Today, Google announced plans to buy Motorola Mobile, or as one of my friends put it in a Facebook post: “In other news, Google moves forward with their plans for total world domination… good for them.” The search giant says:
The acquisition of Motorola Mobility, a dedicated Android partner, will enable Google to supercharge the Android ecosystem and will enhance competition in mobile computing. Motorola Mobility will remain a licensee of Android and Android will remain open. Google will run Motorola Mobility as a separate business.
This move, however, has some anti-monopoly hackles raised. Jamie Court, president and CEO of Consumer Watchdog, issued a statement raising questions about the acquisition. He wrote:
What if Google, the master of the cloud computing universe and the Internet’s information monopolist, were to buy Intel, Apple, or IBM? Would we want the company that controls information outside of our computers all along the Internet to also have control over a principal computer hardware maker and its patents?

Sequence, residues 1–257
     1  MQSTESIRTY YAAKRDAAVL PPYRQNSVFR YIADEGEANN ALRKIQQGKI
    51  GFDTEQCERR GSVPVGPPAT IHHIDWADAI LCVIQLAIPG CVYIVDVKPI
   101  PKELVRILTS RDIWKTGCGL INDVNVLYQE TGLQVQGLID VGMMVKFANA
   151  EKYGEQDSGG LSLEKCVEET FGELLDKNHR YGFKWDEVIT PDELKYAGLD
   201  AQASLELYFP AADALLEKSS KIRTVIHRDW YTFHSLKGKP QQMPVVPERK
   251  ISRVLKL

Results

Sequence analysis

Anti-trust regulators looking at Google’s proposed takeover of Motorola might ask themselves the same type of question. Do you want the mobile phone information monopolist (through its Android operating system and apps) to own a principle mobile manufacturer and its patent technology?
It’s hard to imagine that this deal would face any real opposition, especially in the wake of the Comcast-NBC deal…or that any potential customers are even really worried. After all, if you own an Android phone you’re already on board with a Google monopoly, sailing from Marvin Gardens to Boardwalk without much complaint.